It took courage to challenge society, the certainties of life in Victorian England and his own faith: but Charles Darwin did it, however reluctantly, because he knew he had found a greater truth.
By Wilson da Silva
IT’S ONE of the greatest stories in science: how an inquisitive 22-year-old sails around the world, encounters creatures never before seen and makes an extraordinary discovery that changes his world.
And yet, Charles Darwin never wanted the fame, the controversy nor the ructions the ideas triggered. But once he realised the importance of his discovery of natural selection as the mechanism of evolution, he knew his responsibility as a scientist: to document and divulge his ‘dangerous idea’, whatever the consequences.
It’s an enthralling story. As a teenager, I could not help but be excited to read of his exploits. It was like reading Jules Verne or H.G. Wells, and yet this really happened: a shy, awkward young man, unsure what he wants to do with his life, faces trials and tribulations, finds his manhood and returns to be recognised and celebrated by his peers.
That’s where he could have left it. But slowly, as he documented his five-year voyage, perused and catalogued his vast collection of samples, he began to realise that a powerful natural force pervaded all life.
Evolution is a deceptively simple idea, not immediately obvious to the casual observer. But its effects are complex, and span millions of years. If geology can be summed up as pressure plus time, then evolution is basically genetics and environment plus time.
Did he doubt what he saw? Surely the method by which one species morphs into another cannot be so simple? But the more he studied the concept in species after species, the more he saw the effect.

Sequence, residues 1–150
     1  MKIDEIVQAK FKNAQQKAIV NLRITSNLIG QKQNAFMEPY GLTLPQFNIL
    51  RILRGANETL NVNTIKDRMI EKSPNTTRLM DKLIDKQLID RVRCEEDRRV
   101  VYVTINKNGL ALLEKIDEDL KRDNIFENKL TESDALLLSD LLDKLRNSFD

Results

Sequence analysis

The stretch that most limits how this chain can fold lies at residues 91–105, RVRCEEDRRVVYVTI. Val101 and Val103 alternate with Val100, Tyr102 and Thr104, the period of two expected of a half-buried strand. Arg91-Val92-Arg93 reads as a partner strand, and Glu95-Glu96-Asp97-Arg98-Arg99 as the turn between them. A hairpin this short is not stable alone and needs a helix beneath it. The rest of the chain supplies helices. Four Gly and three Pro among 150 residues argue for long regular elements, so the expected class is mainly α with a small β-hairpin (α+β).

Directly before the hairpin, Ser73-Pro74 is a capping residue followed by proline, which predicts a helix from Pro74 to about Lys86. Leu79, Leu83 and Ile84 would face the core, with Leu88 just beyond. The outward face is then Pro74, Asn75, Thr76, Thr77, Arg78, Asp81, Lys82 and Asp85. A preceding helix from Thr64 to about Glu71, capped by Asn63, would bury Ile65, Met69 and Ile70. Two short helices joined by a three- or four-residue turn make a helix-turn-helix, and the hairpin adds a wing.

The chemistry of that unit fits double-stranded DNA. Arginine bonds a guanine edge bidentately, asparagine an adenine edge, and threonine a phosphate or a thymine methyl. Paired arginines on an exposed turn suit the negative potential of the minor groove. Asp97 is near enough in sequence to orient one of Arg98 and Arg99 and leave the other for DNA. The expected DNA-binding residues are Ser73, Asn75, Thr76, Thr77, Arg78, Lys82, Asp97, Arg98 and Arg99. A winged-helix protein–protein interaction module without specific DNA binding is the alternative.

It was like suddenly recognising a language you had always heard in the background but could never understand: it was the language of life itself, whispering its secrets to anyone who took the trouble to listen carefully.
Darwin was also a man of faith: he attended a Church of England school, studied theology at Cambridge and had planned to be a clergyman. The implications of his discovery on religion troubled him. People of Darwin’s time were discovering that all was not as they had been taught, that the ancients had, in many cases, been mistaken by erroneous presuppositions or a lack of data.
So it was an exciting time, but also a disturbing one. Darwin’s ideas challenged the old shibboleths in Victorian England. And yet, they were based on evidence. And, as a man of science, he could not ignore the evidence.
As Carl Zimmer writes in his excellent book, Evolution: The Triumph of an Idea, “Evolution connects us to the dawn of Earth, to showers of comets and death-winds of stars. It produced the crops we eat and now helps insects destroy them. It illuminates the mysteries of medicine, such as how mindless bacteria can outwit the best minds in science...it reveals how our minds were assembled among lonely bands of apes. We may still struggle with what evolution says about our place in the universe, but that universe is all the more remarkable.”
Next year is the 200th anniversary of Darwin’s birth and the 150th anniversary of the publication of On the Origin of Species, a thoroughly researched and meticulously argued book that sent shock waves across the world. He did not publish it on a whim: he mulled over the ideas for 23 years, and only really started writing a decade before publishing it.
While it did not address the issue directly, the clear implication of evolution is that a God is not needed to create each individual animal; that they can arise naturally and blindly. For Darwin, this implication caused him consternation, earned him enemies and triggered a firestorm of public and private controversy.
“That would make a great film,” a young university student told me, as I recounted Darwin’s extraordinary life. Indeed it would, and it has been tried, usually as a documentary. But it has all the trappings of a Hollywood blockbuster: all we need is someone to make it.